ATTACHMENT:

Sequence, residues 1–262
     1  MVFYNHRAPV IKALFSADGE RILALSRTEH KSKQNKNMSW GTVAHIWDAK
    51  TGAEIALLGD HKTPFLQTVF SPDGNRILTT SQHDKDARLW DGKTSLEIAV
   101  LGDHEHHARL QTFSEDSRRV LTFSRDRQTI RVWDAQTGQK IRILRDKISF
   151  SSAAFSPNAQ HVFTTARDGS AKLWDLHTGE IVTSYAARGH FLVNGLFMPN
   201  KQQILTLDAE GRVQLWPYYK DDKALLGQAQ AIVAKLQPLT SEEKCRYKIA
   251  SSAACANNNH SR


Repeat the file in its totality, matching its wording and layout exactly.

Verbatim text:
Sequence, residues 1–262
     1  MVFYNHRAPV IKALFSADGE RILALSRTEH KSKQNKNMSW GTVAHIWDAK
    51  TGAEIALLGD HKTPFLQTVF SPDGNRILTT SQHDKDARLW DGKTSLEIAV
   101  LGDHEHHARL QTFSEDSRRV LTFSRDRQTI RVWDAQTGQK IRILRDKISF
   151  SSAAFSPNAQ HVFTTARDGS AKLWDLHTGE IVTSYAARGH FLVNGLFMPN
   201  KQQILTLDAE GRVQLWPYYK DDKALLGQAQ AIVAKLQPLT SEEKCRYKIA
   251  SSAACANNNH SR